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Local Government Lawyer, 25th March 2020

Source: www.localgovernmentlawyer.co.uk

High Court judge highlights clash between diplomatic immunity and child protection – Local Government Lawyer

‘A Family Court case has highlighted a “virtually insoluble dilemma” between diplomatic immunity and child protection, leading Mr Justice Mostyn to call for an amendment to the 1961 Vienna Convention on Diplomatic Relations.’

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Local Government Lawyer, 26th March 2020

Source: www.localgovernmentlawyer.co.uk

Warning over rise in UK domestic abuse cases linked to coronavirus – The Guardian

Posted March 27th, 2020 in coronavirus, domestic violence, families, news, police, statistics by sally

‘There has been a rise in domestic abuse incidents directly related to the coronavirus outbreak, according to a police leader.’

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The Guardian, 26th March 2020

Source: www.theguardian.com

Virtual case begins as court rejects trial on papers – Litigation Futures

Posted March 27th, 2020 in news by sally

‘The High Court yesterday adjourned an upcoming trial, saying that the guidance on the coronavirus pandemic did not allow it to take place on the papers.’

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Litigation Futures, 26th March 2020

Source: www.litigationfutures.com

Conveyancing: Government urges home movers to delay – Legal Futures

Posted March 27th, 2020 in news by sally

‘The government has urged home buyers and renters to delay moving to a new house if possible during the coronavirus lockdown and said there must be social distancing if they cannot.’

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Legal Futures, 26th March 2020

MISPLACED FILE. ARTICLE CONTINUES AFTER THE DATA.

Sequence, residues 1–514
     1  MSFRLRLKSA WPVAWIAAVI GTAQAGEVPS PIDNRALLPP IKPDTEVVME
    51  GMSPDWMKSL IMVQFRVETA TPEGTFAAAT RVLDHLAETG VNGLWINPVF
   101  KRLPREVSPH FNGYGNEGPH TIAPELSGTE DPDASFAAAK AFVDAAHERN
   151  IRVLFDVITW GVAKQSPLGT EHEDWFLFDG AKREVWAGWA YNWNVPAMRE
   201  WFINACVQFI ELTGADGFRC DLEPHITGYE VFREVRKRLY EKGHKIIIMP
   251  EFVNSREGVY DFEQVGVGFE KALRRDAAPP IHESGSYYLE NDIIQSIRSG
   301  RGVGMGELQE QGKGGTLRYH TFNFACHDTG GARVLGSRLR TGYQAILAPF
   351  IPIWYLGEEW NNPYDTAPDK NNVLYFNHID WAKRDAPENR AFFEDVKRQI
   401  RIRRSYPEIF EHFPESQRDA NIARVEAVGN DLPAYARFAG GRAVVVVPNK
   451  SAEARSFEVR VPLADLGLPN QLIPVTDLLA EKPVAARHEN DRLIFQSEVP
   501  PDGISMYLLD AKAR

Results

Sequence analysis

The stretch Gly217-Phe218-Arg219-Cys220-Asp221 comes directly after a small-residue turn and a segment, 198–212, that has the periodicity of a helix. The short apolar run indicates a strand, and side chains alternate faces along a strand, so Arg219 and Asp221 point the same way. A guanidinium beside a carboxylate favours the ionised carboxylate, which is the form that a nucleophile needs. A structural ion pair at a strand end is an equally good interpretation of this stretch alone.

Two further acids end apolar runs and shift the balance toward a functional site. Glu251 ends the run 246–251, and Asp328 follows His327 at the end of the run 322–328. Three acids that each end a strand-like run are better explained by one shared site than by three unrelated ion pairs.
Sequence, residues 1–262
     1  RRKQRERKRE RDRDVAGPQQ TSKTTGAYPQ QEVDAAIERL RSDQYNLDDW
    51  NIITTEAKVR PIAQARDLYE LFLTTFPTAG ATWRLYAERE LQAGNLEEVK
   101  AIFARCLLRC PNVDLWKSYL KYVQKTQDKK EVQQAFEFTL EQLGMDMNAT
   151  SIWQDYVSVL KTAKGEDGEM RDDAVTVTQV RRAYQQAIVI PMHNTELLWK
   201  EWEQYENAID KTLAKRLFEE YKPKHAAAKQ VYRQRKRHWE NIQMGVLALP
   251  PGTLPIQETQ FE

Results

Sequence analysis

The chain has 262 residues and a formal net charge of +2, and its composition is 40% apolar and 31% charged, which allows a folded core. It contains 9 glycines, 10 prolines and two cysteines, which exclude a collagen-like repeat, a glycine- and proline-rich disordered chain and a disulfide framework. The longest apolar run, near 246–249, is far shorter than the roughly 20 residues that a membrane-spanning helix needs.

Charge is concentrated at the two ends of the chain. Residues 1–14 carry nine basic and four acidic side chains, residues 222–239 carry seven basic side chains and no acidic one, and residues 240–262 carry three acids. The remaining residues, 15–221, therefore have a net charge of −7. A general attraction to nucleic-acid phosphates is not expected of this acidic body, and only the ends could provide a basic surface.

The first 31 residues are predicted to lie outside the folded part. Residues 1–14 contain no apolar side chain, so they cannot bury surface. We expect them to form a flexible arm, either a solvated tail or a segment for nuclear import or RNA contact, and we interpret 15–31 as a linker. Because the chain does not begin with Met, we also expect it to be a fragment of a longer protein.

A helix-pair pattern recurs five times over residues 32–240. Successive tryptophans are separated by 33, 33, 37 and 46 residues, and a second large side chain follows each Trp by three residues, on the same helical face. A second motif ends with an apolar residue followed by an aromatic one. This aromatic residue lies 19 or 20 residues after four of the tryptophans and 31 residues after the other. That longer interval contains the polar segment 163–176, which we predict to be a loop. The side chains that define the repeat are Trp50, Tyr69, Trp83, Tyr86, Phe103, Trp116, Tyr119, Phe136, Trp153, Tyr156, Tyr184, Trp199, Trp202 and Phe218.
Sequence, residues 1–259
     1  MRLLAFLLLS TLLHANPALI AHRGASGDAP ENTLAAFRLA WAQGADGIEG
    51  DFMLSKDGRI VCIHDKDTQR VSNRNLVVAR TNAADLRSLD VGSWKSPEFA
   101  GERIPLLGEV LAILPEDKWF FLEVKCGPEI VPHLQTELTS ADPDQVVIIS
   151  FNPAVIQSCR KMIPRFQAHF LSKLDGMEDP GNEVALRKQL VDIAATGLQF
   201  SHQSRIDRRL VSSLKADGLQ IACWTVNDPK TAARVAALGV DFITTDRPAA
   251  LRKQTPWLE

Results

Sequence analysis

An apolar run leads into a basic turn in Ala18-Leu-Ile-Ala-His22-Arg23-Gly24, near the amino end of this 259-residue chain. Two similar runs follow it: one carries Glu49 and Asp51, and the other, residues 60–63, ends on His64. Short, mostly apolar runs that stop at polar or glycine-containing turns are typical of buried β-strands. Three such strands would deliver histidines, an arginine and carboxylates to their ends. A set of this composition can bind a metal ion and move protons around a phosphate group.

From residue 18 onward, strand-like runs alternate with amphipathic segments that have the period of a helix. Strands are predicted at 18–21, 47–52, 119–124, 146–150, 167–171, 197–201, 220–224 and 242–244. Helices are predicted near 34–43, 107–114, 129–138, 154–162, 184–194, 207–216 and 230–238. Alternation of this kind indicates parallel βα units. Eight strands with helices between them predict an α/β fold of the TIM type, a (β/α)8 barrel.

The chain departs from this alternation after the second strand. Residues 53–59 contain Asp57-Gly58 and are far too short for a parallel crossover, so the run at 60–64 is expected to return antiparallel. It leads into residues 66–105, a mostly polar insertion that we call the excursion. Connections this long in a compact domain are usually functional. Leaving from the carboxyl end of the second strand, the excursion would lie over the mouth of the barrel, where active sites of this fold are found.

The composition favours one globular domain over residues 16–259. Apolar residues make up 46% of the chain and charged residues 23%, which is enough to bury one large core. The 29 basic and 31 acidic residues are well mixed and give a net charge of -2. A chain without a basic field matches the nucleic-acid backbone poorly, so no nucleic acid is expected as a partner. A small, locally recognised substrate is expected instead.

Source: www.legalfutures.co.uk

UK police use drones and roadblocks to enforce lockdown – The Guardian

Posted March 27th, 2020 in news by sally

‘A police force has defended using a drone camera to shame people into not driving into a national park during the lockdown, while another force said it was introducing roadblocks to stop drivers heading to tourist hotspots.’

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The Guardian, 26th March 2020

Source: www.theguardian.com

Upper Tribunal rules on burden of proof when statutory defence to HMO offence is pleaded – Local Government Lawyer

‘The Upper Tribunal has ruled on where the burden of proof lies when it is said that the manager of a house in multiple occupation had a reasonable excuse for conduct which, but for that defence, would amount to a relevant housing offence under section 249A, Housing Act 2004.’

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Local Government Lawyer, 25th March 2020

Source: www.localgovernmentlawyer.co.uk

New Judgment: Elgizouli (AP) v Secretary of State for the Home Department [2020] UKSC 10 – UKSC Blog

‘The appellant’s son is alleged to have been one of a group of terrorists operating in Syria, involved in the murder of US and British citizens. The US made a mutual legal assistance request to the UK in relation to an investigation into the activities of that group. The Home Secretary requested an assurance that the information would not be used directly or indirectly in a prosecution that could lead to the imposition of the death penalty. The US refused to provide a full death penalty assurance and the Home Secretary agreed to provide information to the US without requiring any assurance. The appellant challenged the Home Secretary’s decision by way of judicial review. The questions for the Supreme Court were firstly whether it is unlawful for the Secretary of State to exercise his power to provide MLA so as to supply evidence to a foreign state that will facilitate the imposition of the death penalty in that state on the individual and secondly whether it is lawful under the Data Protection Act 2018, Part 3 for law enforcement authorities in the UK to transfer personal data to law enforcement authorities abroad for use in capital criminal proceedings.’

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UKSC Blog, 25th March 2020

Source: ukscblog.com

Article 8: Test for Family Life arising out of Foster Care is no different to that of “Birth Families” – UK Human Rights Blog

‘On 12 March 2020 a unanimous Court of Appeal led by Sir Ernest Ryder (Senior President of the Tribunals), together with Lord Justice Bean and Lady Justice King, allowed the Appellant’s appeal against the First tier Tribunal (“FtT”) and Upper Tribunal (“UT”)’s decisions upholding the refusal of his application for leave to remain.’

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UK Human Rights Blog, 24th March 2020

Source: ukhumanrightsblog.com